By late March the eggs began to hatch, and viewership swelled.  Classrooms of schoolchildren, insomniacs, nature lovers, and cuious people in many countries tuned in to watch the family of parents and babies.  Viewers (some in online communities of  self-proclaimed ‘owlcoholics’) tuned in to see all four eggs hatch, and to see the parents feed and care for the babies.

     In the last few days, the young owls have started to fledge.  And it’s all recorded on camera.  If you are patient enough to watch a two-hour video, you will be able to see the parents perched outside the owl house, trying to entice their children to come out and give flying a try.  Just click on the link at the bottom of this entry, you will be taken to the website of the San Diego Union Tribune.  There you can tune in and watch what’s happening at this very moment in and around the owls’ home.  Or you can click on the aforementioned video of the parents urging their babies to come out and try their wings.    

     I am fascinated by the whole thing.  It seems a wonderful use of technology to enable us ‘regular’ folks to observe the natural world far more closely than ;people have ever been able to do before.  Anyone who wants to can watch–up close and personal–birds engaging in the processes of launching the next generation.  And all without disturbing the birds in the slightest, it seems.  

     And I am touched that millions of people find the owls’ saga interesting enough to spend time watching the little barn owl family.  People had been blogging, twittering, and writing on Facebook, eagerly awaiting the night when the baby owls would leave the nest for the first time.  It pleases me that birds’ normal life cycle activities have evoked so much excitement, such sustainead interest.

     I’m reminded of “The Truman Show,” minus all of the creepiness.April Moore

Astonishing Discoveries Inside Remote Volcano

Tuesday, May 18th, 2010

     I love tales of discovery, and here is one that has been hailed as one of the greatest wildlife discoveries of all time.

     Last year, for the first time ever, scientists were able to make their way down into an extinct volcano caldera on the Pacific island of New Guinea.  For years scientists had speculated that the remote, rainforested crater, known as Mt. Bosavi, must be teeming with species scientists had never seen before.  After all, the volcano last erupted 200,000 years ago, and is ringed by nearly vertical, thousand-meter high walls.  Scientists assumed that animals, unable to move beyond the forbidding walls surrunding the deep caldera have evolved in distinct ways after many thousands of years of isolation.  

     The scientists were well-rewarded for the hard work of getting into Mt. Bosavi.  Two weeks in the walled-in rainforest resulted in the discovery of 40 previously unknown animal species–mammals, amphibians, fish, spiders, and insects among them.  Never having seen humans before, many of the animals were completely unafraid of the scientists.  For example, the newly discovered Mallomys giant rat, a furry creature the size of a large cat, sat in the lap of one team member.  And a ‘new’ marsupial, the silky cuscus, perched on a scientist’s shoulder.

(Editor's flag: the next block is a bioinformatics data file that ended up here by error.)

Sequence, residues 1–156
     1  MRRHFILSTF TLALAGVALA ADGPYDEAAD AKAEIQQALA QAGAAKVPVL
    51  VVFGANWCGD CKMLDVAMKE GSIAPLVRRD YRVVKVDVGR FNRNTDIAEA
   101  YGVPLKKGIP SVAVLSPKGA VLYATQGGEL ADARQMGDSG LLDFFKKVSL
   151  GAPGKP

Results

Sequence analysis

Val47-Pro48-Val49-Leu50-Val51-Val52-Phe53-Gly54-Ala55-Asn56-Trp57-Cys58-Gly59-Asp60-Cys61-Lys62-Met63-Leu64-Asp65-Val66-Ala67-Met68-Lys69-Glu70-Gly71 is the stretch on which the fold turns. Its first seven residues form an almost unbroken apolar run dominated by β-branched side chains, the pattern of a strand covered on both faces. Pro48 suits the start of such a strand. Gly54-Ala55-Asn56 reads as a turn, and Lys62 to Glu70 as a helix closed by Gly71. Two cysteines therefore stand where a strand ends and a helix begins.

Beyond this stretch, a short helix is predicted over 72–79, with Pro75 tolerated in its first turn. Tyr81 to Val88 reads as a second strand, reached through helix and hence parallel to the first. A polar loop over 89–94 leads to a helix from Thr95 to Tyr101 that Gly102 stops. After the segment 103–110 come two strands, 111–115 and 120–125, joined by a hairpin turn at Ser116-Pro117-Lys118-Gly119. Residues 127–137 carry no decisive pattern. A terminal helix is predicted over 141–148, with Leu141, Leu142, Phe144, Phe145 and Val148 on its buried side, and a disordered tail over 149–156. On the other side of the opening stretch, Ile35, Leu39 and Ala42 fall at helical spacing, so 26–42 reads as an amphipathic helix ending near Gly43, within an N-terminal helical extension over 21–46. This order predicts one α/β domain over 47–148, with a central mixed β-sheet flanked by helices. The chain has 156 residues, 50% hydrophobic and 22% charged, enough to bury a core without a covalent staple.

The team of scientists documented 16 previously unknown frog species, including a frog with fangs.  They discovered two mammals–a ’new’ bat species as well as the giant rat, and three new fish, including one that makes a grunting sound, produced by its swim bladder. 

     While the number of newly discovered species now totals 40, scientists believe that number will increase.  Not knowing for sure whether some of the discoveries are different enough from known species to be designated as separate species, the scientists have categorized them as sub-species until more research can be done to determine which ones are, in fact, distinct secies.

     Actually getting into the caldera was an adventure in itself.  The expedition took many months of planning.  On their first visit to the village nearest to Mt. Bosavi (a four-day trek distant), the advance team found a community that has no contact with ‘the outside world.’  The villagers had no television, and they did not understand the concept that the scientific team wanted to pay to set up a base camp outside the caldera.  The advance crew asked permission to enter the caldera, and they hired 25 villagers to help them–including a cook, a medic, and a tree-climbing expert to help them scale trees. 

     A group of hunters guided the advance party to Mt. Bosavi, up its steep side, and down into the crater.  Later, the actual expedition team members were helicoptered into the caldera.  Even though the scientists chose the ‘dry’ season to make their foray into the crater, wet conditions often prevented the helicopter from entering the crater.  

     I share the glee expressed by the scientists who discovered so many ‘new’ animal species!  It’s exciting news.–April Moore

silky cuscus--a newly discovered marsupial

silky cuscus--a newly discovered marsupialMallomys woolly rat




Mallomys woolly rat

Mallomys woolly rat


Friday, May 14th, 2010

     Here are some words to ponder.  They were written by Dag Hammarskjold, the Nobel Peace Prize-winning UN Secretary General in the 1950s.


In the point of rest at the center of our being, we
encounter a world where all things are at rest in the
same way.  Then a tree becomes a mystery, a cloud
a revelation, each man a cosmos of whose riches
we can only catch glimpses.   The life of simplicity is
simple, but it opens to us a book in which we
never get beyond the first syllable.

                          Dag Hammarskjold (1905-1961)


A Tenuous Success

Tuesday, May 11th, 2010

     I am happy to report that a bird once thought to be extinct has made a comeback.  

     Bermuda Petrels  once inhabited the Bermuda islands by the tens of thousands.  But when the Spaniards first came to the islands in the early 1500s, they were spooked by the petrels’ haunting, nighttime calls.  Believing the island to be inhabited by devils, the superstitious Spanish sailors never settled there.  Unfortunately, however, they left behind pigs as food for shipwrecked sailors.